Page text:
by Max Brantley
The Daily Beast has examined state spending of federal stimulus money for transportation work.
A new study shows that most states didn’t end up making the most of the windfall. The report by the transportation research group Smart Growth America found that states spent more than a third of the money on building new roads—rather than working on public transportation and fixing up existing roads and bridges. The result of the indiscriminate spending? States missed out on potentially thousands of new jobs—and bridges, roads, and overpasses around the country are still crumbling. Meanwhile, the states that did put dollars toward public transportation were richly rewarded: Each dollar used on transit was 75 percent more effective at putting people to work than a dollar used for highway work.
The government meant to get the biggest bang for its buck, with “shovel-ready projects.” But building miles of new roads requires planning, land acquisition, and other lengthy steps that put fewer workers on the job immediately.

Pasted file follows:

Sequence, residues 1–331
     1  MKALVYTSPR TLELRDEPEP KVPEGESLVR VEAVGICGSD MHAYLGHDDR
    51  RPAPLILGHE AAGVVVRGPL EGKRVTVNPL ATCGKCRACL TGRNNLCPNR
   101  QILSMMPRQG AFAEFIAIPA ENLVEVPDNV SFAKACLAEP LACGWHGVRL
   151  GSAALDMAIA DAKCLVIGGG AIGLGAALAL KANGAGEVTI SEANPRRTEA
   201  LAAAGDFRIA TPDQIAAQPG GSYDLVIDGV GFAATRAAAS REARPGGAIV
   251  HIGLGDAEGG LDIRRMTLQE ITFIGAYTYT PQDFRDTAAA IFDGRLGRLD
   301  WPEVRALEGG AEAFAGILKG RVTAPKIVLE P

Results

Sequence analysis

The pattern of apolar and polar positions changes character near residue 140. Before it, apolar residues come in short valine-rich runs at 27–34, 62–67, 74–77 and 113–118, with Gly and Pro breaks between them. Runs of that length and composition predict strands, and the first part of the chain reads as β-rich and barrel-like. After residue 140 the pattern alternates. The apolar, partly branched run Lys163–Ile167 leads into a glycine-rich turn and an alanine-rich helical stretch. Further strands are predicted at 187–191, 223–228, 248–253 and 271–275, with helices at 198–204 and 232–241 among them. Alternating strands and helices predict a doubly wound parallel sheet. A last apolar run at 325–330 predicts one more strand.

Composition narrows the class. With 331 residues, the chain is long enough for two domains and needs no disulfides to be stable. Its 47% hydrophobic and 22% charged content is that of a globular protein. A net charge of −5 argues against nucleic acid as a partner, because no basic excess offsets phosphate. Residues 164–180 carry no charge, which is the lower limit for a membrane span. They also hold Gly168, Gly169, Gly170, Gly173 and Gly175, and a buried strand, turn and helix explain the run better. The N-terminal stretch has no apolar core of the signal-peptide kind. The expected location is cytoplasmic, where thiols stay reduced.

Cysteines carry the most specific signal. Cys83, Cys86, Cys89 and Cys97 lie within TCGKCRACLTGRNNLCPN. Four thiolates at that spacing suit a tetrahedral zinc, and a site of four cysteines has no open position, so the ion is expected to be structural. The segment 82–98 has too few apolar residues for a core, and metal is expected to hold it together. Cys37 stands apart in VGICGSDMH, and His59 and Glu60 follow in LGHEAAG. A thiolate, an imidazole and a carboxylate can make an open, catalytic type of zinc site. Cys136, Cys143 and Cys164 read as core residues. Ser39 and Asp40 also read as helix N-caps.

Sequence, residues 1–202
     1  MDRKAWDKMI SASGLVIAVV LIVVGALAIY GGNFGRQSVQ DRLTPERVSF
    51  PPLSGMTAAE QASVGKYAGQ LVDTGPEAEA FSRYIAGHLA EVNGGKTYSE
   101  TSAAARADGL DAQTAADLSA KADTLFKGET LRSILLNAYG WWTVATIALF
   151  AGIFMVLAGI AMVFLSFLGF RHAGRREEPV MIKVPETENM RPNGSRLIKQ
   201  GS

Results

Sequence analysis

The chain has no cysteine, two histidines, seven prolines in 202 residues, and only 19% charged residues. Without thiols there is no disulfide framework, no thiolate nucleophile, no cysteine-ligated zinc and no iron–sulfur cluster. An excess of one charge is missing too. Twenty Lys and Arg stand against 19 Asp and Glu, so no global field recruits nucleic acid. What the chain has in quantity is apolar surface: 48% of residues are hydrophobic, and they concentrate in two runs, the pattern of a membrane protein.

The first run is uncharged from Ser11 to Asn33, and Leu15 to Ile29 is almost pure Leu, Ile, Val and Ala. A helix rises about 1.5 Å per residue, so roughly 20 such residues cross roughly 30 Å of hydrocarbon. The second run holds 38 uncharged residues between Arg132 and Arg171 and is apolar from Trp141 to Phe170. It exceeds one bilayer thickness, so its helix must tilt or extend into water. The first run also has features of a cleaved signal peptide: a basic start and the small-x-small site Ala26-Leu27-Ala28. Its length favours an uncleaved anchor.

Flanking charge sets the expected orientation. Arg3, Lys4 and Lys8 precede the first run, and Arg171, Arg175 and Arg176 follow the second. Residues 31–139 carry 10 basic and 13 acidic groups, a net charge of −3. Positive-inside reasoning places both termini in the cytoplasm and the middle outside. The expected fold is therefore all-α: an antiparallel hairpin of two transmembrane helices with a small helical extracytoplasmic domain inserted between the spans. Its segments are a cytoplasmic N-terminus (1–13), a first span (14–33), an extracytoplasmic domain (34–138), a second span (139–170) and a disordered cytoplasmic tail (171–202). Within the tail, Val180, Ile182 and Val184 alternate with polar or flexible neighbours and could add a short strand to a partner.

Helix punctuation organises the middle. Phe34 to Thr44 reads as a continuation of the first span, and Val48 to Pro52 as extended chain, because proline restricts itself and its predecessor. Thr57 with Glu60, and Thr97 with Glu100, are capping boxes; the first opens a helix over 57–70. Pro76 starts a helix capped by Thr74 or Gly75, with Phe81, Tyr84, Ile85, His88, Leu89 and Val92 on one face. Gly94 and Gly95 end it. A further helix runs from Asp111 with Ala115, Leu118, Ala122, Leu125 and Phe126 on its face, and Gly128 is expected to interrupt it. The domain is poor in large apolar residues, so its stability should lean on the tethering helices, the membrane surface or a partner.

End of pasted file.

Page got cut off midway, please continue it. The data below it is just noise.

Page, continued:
If you guessed Arkansas was among those judged to have missed the boat on wise use of the money you'd be correct.
Arkansas used 81 percent of its money for new projects and none on transit; it also has a higher unemployment rate than Vermont. And unlike other states near the bottom of the list, just 38 percent of its roads are in good condition, according to a report by the American Association of State Highway and Transportation Officials, a trade organization.
The state’s approach mirrors the model the federal government uses for routine infrastructure appropriations to the states, sometimes derided as the “peanut butter” system: Spread the money across the board. Arkansas State Highway and Transportation Department spokesman Glenn Bolick says the commission was to make sure the money reached workers in a variety of different industries across the state. “Our philosophy was that was how to spread economic development opportunities,” he says. “We were making the attempt to stimulate all the different types of contractors all across the state.”